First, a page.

I've spent lots of time in Canada in my travels across the universe, having lived only 60 miles from the Ontario border during most of my first 175 years. Canada is a magnificent country amid its sheer expanse alone—Halifax, for example, is closer to London than to Vancouver, B.C., and the Northwest Territories are so vast and formidable that they don't even have a cool name or anything. And for better or worse, the nation's chilly climate drives a top-heavy percentage of its commerce; about 80 percent of the people live within 100 miles of the U.S. border.
No wonder, then, that Canada would perfect something called vin glace, or ice wine, the country's inimitable contribution to the world's elite viticulture. For your money, there's no better example of this than the 2006 Vidal entry from Jackson-Triggs Vintners, out of Niagara-on-the-Lake, Ontario. Ice wine is extracted from grapes that incubate on the vine during the harsh Canadian winters (the cold temps act aggressively on the sugars during periods of frost and thaw); the result is a much, much sweeter beverage than you're used to. It makes a great dessert entry by itself—if you pair it with food, make sure the edibles are far less sweet than the wine, lest you defeat the purpose of your feast. Heavy cheeses make some of the best sides with this guy.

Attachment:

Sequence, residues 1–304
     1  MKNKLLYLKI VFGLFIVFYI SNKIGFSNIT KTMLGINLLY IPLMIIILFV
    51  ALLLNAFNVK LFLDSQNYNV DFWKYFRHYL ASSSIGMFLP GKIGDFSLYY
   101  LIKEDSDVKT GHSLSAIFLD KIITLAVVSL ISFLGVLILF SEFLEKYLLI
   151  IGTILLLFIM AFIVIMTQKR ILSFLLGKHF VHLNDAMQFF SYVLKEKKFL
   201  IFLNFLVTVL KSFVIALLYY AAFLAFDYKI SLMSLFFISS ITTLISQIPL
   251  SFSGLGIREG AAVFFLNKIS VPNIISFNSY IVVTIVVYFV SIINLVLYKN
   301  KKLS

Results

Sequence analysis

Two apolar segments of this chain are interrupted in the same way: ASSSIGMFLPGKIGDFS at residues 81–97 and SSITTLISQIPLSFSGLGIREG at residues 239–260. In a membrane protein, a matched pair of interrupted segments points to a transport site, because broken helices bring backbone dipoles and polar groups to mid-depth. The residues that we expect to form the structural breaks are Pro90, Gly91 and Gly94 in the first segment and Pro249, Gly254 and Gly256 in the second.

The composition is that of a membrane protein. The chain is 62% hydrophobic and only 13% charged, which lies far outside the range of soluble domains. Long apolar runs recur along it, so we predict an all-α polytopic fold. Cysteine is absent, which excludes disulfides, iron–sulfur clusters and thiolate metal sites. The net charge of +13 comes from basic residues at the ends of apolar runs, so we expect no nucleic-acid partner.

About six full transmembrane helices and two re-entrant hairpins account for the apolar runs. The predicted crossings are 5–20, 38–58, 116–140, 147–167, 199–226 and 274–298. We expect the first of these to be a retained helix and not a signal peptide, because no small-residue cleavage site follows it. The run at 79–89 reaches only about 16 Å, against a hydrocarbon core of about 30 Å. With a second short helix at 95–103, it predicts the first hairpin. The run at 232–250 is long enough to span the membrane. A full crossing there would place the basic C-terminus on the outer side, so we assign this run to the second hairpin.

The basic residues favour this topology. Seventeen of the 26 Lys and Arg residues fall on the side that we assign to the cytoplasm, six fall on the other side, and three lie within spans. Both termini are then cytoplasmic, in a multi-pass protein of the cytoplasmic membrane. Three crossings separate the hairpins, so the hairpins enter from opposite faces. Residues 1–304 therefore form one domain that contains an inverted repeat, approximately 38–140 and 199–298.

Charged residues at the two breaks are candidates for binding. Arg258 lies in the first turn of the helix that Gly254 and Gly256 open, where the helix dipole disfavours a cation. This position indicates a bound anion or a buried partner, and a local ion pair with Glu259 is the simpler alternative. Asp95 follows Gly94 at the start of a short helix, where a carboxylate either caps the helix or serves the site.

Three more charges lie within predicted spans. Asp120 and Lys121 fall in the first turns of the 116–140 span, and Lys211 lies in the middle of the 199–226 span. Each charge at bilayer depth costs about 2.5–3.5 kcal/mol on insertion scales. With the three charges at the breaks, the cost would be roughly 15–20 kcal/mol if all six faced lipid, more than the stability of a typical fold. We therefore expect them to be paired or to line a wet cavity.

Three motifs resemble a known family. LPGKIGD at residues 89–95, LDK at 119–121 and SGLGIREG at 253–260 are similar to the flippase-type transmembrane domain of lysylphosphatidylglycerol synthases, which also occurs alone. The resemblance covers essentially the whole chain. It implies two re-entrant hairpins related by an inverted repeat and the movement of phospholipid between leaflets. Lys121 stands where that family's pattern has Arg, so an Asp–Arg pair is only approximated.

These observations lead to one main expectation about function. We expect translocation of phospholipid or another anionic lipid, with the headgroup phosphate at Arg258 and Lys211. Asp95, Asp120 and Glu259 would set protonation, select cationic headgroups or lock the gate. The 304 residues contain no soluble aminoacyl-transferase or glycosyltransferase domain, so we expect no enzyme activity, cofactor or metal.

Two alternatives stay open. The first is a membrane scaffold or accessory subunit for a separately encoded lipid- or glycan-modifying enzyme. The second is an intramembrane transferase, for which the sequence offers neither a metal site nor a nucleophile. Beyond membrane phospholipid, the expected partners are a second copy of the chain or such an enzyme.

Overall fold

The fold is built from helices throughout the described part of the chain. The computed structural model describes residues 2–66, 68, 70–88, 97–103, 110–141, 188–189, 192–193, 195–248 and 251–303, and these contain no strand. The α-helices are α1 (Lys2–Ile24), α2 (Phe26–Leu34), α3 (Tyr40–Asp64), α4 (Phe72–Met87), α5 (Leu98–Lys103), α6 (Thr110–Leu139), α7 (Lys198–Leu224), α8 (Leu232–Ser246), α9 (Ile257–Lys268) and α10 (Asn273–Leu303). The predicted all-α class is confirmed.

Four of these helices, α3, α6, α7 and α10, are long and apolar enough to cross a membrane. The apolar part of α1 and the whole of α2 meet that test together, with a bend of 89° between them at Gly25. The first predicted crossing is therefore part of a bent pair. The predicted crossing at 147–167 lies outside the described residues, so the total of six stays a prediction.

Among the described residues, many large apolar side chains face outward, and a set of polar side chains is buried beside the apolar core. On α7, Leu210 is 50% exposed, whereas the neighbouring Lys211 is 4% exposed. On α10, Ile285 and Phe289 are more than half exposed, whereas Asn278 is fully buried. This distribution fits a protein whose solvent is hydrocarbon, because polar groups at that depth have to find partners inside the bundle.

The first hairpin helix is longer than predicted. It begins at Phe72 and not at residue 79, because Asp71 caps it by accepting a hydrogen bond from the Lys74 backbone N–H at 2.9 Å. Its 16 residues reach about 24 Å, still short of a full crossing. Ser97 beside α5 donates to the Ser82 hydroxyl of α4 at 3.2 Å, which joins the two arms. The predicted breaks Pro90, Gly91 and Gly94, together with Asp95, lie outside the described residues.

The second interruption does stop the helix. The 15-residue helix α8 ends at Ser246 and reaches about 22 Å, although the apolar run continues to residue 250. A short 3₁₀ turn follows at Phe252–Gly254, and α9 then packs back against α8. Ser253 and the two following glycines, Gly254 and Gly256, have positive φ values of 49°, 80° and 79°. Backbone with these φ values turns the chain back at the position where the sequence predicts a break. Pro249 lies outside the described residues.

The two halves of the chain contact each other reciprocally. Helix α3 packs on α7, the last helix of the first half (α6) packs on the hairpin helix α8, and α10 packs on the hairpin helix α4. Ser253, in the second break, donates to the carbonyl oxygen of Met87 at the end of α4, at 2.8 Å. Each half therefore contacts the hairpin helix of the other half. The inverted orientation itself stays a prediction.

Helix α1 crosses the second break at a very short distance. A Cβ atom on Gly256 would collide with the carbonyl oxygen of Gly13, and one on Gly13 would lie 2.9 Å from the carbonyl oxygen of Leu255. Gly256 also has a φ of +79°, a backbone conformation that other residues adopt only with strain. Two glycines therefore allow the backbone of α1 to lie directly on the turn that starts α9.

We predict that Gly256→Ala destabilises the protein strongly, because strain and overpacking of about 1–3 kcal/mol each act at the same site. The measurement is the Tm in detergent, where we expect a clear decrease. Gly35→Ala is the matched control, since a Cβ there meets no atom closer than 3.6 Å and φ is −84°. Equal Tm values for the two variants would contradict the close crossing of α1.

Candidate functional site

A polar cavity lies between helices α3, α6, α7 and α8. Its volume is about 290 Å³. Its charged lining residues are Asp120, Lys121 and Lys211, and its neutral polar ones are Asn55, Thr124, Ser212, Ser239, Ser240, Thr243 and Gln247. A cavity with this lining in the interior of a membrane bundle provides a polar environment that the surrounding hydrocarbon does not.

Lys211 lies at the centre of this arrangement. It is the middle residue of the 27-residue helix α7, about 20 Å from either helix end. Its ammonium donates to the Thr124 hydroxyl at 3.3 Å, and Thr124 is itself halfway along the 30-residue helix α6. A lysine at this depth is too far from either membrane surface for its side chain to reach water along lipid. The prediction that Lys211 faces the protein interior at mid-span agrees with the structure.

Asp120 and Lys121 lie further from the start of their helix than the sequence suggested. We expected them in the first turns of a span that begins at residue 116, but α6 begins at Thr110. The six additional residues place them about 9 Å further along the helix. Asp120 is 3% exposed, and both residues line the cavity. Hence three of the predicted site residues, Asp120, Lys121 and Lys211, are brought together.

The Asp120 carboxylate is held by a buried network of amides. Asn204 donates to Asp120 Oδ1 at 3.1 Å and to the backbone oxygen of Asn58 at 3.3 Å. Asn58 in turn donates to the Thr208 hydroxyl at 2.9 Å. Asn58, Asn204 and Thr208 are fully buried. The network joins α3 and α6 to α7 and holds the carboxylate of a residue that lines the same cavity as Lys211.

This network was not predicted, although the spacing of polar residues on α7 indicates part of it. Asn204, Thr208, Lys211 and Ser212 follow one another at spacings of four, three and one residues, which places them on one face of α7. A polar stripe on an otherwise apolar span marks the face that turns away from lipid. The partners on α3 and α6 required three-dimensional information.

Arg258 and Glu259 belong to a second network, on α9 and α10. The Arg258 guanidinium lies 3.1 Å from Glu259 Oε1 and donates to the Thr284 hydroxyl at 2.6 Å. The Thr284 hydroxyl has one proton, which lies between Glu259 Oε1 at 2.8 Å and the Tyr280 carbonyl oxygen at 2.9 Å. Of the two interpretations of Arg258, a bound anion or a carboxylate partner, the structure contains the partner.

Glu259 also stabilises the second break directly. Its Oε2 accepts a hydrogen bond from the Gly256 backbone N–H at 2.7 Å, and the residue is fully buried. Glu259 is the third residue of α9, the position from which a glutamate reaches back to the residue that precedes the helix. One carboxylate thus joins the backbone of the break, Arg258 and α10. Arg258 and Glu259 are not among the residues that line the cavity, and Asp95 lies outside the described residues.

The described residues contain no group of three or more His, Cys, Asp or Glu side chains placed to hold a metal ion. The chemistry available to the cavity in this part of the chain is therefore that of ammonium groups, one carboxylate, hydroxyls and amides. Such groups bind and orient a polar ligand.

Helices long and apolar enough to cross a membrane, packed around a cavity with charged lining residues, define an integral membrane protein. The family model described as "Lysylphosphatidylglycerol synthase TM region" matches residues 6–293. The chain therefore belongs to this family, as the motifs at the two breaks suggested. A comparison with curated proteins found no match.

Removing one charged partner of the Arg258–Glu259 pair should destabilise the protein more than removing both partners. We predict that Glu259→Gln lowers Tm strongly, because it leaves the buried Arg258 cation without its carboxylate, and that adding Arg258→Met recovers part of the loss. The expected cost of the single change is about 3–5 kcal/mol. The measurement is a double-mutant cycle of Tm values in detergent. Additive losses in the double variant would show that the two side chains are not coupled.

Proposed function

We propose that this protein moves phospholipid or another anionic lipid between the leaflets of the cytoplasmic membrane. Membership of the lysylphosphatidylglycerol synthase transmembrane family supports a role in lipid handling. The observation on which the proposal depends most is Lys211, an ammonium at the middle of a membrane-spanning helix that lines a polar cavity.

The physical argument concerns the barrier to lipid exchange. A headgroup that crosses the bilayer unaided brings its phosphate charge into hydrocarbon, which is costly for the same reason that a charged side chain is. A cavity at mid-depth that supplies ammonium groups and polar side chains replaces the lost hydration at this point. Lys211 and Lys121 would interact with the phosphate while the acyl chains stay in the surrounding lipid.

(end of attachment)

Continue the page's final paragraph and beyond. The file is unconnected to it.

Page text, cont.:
“For your money” is the operative phrase here. The ice wine manufacture process is devilishly expensive, and you know who usually winds up paying for that (some vintners get away with a $375-per-bottle price tag). The Jackson-Triggs fare, however, can be yours for an anemic $19.99 a bottle at better wine stores. America's Frosted Hat is too big to get your arms around, but some of its exports beat the hell out of hockey and, especially, Celine Dion.